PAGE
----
Belize City, ca 2pm.
Well, not 2pm today. But pre-corona and then some. Isn’t just about everything fun pre-corona these days? BUT – post-corona is just around the corner. Smiiile!
I’m in Belize to see Mayan pyramids. We’re just down from Mexico, and the kids are pyramided out, so they’re zip-lining instead – from treetop to treetop somewhere out in the jungle. As their adventure is taking quite a long time, I have a few hours to wait, and decide to have a look at Belize City.
I’m warned not to wander around on my own. Hm, I’m not just going to sit around, am I – so I, erm, wander around on my own. No one tries to rob me or is the least bit threatening. 2 hours in the hot afternoon sun, though. Any thugs are probably inside resting up for the evening’s work. That’s what I’d do.
Once known as Holzuz, a little Mayan town, the name changed to Belize Town when the English took over in 1638. The English – and later the British – ran mahogany trees down the rivers to the sea, and brought in thousands of African slaves to work in the lumber industry.
OK, now we’ve got the mini version of the back story, here are 5 things to see and do in Belize’s largest city.
1. Wandering the streets of Belize City
The streets of Belize City are lively this afternoon, but not crowded.
You’ll see colourful houses all over town,
colourful ad boards,
and more colourful houses.
2. Government House
Belize City is not the capital of Belize, but it was the capital of British Honduras. The country got its independence in 1981, after a lengthy process. Capital today is Belmopan, 80 km inland from Belize City and the sea.
Government House was once home of the Governor General, the Queen’s representative in the crown colony.
Today, this early 19th century building houses a cultural/historical museum, featuring vintage furniture, glassware and other household items from colonial times. Me, I’m liking the baby grand.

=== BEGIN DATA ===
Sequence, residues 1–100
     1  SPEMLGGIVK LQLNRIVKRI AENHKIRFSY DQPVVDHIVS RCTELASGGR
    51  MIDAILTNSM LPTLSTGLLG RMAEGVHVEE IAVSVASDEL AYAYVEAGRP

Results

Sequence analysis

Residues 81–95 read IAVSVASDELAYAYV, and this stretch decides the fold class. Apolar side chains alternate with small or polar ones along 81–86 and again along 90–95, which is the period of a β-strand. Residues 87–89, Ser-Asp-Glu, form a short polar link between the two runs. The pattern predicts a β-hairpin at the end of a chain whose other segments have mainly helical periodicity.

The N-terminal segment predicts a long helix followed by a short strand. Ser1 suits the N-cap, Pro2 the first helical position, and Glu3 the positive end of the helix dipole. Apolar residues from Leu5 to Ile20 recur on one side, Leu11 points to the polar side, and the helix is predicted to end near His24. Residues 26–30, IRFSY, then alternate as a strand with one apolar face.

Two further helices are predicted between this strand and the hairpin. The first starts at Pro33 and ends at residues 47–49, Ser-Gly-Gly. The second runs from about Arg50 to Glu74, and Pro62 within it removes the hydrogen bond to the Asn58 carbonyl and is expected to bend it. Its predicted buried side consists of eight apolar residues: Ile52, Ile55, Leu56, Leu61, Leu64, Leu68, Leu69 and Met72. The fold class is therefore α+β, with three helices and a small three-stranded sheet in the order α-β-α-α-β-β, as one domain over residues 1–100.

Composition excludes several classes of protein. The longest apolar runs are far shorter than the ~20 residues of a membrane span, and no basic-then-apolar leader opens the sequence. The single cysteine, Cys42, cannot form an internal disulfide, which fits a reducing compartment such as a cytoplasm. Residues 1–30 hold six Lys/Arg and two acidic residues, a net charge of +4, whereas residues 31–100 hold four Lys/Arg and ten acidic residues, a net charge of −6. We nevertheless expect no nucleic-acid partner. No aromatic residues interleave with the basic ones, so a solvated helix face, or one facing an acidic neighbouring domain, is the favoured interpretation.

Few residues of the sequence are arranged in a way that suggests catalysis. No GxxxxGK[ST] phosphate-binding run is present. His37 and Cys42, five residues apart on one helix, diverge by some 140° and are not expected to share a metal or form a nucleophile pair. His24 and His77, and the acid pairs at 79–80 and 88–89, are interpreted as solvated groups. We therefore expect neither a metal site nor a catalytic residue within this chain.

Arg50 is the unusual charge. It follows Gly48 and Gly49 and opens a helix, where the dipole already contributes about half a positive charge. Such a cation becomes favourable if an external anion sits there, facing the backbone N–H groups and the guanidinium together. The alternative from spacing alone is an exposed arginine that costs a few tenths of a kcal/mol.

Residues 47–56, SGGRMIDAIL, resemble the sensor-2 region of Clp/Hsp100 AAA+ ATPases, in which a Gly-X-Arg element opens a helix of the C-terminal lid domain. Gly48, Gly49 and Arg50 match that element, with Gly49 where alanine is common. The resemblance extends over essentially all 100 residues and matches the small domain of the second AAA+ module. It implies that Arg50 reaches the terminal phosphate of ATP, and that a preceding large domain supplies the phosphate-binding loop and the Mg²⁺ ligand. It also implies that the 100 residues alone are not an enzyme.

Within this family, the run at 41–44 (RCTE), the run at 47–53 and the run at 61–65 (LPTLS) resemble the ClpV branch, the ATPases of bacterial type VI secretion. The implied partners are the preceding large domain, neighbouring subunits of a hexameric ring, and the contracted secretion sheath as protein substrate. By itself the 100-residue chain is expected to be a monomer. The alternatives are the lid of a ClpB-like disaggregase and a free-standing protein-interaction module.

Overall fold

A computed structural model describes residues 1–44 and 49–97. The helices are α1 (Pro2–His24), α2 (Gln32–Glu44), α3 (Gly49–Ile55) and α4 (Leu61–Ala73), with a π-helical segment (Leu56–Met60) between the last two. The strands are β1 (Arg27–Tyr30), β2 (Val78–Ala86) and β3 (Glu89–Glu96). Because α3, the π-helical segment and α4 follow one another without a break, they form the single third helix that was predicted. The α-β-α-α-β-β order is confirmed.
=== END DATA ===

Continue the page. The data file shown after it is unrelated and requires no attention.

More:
When I’m here, a Cuban exhibit is on – delightful Caribbean colours
3. St John’s Cathedral
Cathedral might be somewhat of a pretentious name for this small, simple church. From 1812, it was the first church to be built in the country. It’s the oldest Anglican church in all of Central America and it has a graveyard attached that was built with slave labour.
Expect to be asked for a donation if you want to enter, ten dollars, if memory serves. It sounded like that was negotiable, but somehow it didn’t feel right to bargain. And at the time, 10 bucks didn’t seem unreasonable to get out of the searing Caribbean sun for a few minutes. Could have been heatstroke.
I feel I contributed to this Tuesday brunch
4. The swing bridge
Another historic landmark in Belize City is this bridge, connecting the northern and southern part of town, and one of very few manually operated swing bridges still in use in the world.
5. The marina
Enjoyable walk along the water, great views – and boats. Colourful, of course.
There’s more to Belize City, of course, but this is as far as I got with my two hours in town. We’re not quite done yet, though. Slapping on an out-of-town bonus for ya.
6. Altun Ha
View from atop the Sun God’s tomb at Altun Ha
50 km north of Belize City (about an hour’s drive) is Altun Ha, an absolute highlight, maybe even THE Belize highlight.
Altun Ha is a town from Mayan times, 200 – 900 CE. About 10,000 people lived in this rather small place (just 8 km2). There are more than 500 structures here, including some interesting Mayan pyramids, arranged around a large plaza.
Difficult to have it to yourself, though I suppose very early morning or late night is better. That said, Altun Ha is worth your time, even with small crowds milling about.
Tomb of the Sun God
The 16-metre Tomb of Kinich Ahau, the Mayan Sun God (also known as the Temple of the Masonry Altars) is the highest of the pyramids here at Altun Ha, and an easy climb, as you can see from the photo.
Feels like a good time to talk about Kinich Ahau’s head. His jade head.
Discovered at Altun Ha in 1968, this 9.5 lbs head – that’s a decent-sized bowling ball – was carved from one solid piece of jade. It was found in a large tomb inside the pyramid, together with the remains of a Mayan big-shot. The jade head has fangs and crossed eyes, both signs of the sun god.
It’s not easy to see this head as it’s only rarely on display. But you can see it on Belize’s currency, just as sure as you can see Lizzie.
Whaddyaknow, I had one. In a wooden box I keep money in – as a souvenir from an era when cash was a thing.
Kinich Ahau aside, I’m more intrigued by this partially excavated mound.
There are several rooms and corridors inside here.
Let’s move in closer:
What might have been going on in here? Oh to time travel!
I can see that this post is now more about Altun Ha than Belize City. My typing fingers must have taken on a life of their own.